The Value of Post Mortems in Cardiac Surgery: Learning from the Dead
ABSTRACT Little information is available regarding the role of post-mortem in cardiac surgery. The cause of death by clinical presumption can be misleading. The aim is evaluate the role of post-mortem following cardiac surgery by comparing clinically attributed causes of death versus post-mortem findings.
A total of 10,099 cardiac operations were performed over a seven-year period in a single institution in the United Kingdom. There were 363 (3.6%) deaths. The mean age at death was 71 with 66.7% male. Of these, 348 (95.9%) patients underwent a post-mortem examination.
There was a significant disparity between presumed and actual causes of death in 78 (22.4%) patients. The commonest unrecognised cause of death was cardiac causes (21 patients, 6.0%). The most overestimated cause of death was multi-organ failure, which was incorrectly diagnosed as the cause of death in 28 patients (8.0%).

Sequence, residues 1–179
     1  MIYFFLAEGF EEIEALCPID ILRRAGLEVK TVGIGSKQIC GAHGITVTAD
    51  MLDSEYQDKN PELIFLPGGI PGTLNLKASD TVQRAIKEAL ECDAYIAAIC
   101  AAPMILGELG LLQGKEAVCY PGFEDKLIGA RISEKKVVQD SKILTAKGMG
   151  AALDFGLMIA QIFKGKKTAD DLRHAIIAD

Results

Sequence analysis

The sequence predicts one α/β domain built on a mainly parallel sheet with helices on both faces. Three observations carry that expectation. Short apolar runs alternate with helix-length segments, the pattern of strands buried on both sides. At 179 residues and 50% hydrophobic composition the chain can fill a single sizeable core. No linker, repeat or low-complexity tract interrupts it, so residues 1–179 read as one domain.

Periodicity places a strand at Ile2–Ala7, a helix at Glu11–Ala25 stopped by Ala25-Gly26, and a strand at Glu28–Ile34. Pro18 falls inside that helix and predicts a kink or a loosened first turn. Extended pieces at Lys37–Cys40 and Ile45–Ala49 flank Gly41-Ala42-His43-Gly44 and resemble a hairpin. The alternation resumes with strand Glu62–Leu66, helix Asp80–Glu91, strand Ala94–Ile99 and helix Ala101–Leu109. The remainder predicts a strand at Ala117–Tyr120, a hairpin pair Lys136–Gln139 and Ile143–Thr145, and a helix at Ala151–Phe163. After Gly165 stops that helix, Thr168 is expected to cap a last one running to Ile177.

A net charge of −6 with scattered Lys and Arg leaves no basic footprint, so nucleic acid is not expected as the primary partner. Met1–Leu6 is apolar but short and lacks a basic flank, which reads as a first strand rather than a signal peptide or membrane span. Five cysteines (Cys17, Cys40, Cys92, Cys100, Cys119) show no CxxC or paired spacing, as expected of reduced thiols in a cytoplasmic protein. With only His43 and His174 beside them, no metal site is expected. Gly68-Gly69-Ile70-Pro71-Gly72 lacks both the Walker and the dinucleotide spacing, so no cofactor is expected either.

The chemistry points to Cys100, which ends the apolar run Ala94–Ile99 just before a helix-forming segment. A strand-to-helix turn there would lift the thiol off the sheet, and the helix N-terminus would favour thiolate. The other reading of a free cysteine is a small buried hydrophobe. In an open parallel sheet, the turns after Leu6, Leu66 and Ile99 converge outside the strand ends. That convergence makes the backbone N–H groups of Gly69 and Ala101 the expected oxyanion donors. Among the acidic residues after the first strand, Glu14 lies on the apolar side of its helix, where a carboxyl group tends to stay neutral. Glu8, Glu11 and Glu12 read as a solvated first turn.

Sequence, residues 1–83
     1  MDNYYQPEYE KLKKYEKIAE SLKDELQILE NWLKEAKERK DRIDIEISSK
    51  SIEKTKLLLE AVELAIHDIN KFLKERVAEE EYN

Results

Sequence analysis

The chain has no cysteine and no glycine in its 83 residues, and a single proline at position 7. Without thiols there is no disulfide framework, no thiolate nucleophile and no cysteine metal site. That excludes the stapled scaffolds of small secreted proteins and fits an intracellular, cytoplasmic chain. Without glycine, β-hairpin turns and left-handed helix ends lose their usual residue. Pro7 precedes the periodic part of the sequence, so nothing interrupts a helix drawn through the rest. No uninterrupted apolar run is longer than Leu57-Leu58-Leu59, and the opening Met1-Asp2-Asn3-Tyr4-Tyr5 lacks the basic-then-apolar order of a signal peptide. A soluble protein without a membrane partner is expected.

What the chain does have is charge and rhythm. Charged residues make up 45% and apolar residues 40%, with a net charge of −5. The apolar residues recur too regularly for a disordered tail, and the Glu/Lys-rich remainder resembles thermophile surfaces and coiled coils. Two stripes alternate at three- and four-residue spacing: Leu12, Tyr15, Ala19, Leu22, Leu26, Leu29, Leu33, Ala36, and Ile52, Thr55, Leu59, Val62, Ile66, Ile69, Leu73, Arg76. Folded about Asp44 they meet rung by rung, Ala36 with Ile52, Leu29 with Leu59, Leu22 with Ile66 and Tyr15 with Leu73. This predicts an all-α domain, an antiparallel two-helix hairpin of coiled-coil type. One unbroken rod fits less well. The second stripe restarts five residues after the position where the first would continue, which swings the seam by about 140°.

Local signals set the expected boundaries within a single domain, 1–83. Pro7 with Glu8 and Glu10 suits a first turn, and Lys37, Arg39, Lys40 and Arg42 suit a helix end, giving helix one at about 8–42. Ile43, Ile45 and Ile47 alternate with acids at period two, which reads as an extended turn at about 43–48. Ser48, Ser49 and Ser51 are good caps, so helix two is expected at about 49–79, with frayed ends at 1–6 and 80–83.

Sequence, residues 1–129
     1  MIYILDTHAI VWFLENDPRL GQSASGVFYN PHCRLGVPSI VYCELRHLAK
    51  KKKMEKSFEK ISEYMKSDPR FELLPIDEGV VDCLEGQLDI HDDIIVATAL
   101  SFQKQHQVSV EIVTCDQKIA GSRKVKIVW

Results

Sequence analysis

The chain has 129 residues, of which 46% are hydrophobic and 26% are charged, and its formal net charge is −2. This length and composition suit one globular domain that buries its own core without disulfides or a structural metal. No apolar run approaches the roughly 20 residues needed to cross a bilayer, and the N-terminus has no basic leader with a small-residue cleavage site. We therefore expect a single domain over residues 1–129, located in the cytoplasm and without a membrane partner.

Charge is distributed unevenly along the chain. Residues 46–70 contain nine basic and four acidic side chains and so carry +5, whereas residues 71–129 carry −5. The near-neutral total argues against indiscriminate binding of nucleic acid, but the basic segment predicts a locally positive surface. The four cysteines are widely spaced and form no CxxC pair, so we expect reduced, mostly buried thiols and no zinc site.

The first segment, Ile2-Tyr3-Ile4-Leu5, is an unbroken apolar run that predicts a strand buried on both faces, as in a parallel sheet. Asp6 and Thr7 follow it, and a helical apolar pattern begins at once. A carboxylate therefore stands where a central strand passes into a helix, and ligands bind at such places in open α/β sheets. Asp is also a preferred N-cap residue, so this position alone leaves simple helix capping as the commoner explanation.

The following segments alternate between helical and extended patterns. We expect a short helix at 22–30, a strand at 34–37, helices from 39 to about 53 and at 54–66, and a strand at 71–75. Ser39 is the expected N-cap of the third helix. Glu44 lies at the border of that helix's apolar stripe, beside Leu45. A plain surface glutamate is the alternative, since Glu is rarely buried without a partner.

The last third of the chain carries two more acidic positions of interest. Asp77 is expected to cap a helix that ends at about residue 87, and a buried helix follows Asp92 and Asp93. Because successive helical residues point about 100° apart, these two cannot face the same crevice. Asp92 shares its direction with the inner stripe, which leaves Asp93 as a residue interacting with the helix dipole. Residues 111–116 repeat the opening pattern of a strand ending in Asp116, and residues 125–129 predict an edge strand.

Post-mortem can determine unsuspected diagnoses in a significant proportion of patients undergoing cardiac surgery. It plays an important role in cardiac surgery and remains essential for quality assessment in perioperative treatment.
- SourceAvailable from: Enrico Vizzardi[Show abstract] [Hide abstract]
ABSTRACT: Acute bowel ischemia is a perioperative complication that is frequently unrecognized as a cause of death after cardiac surgical procedures, with an in-hospital mortality of 50% to 100%. In recent years, controversy regarding the most appropriate approach to resolve clinical or laboratory suspicion and the limited therapeutic options have led to very little improvement in patient prognosis. This article reviews the related literature examining the actual prevalence, pathophysiologic mechanisms, predisposing factors, diagnostic tests, and therapeutic approaches providing a glance at new promising tools in diagnostic workup.The Annals of thoracic surgery 03/2014; DOI:10.1016/j.athoracsur.2014.01.029 · 3.65 Impact Factor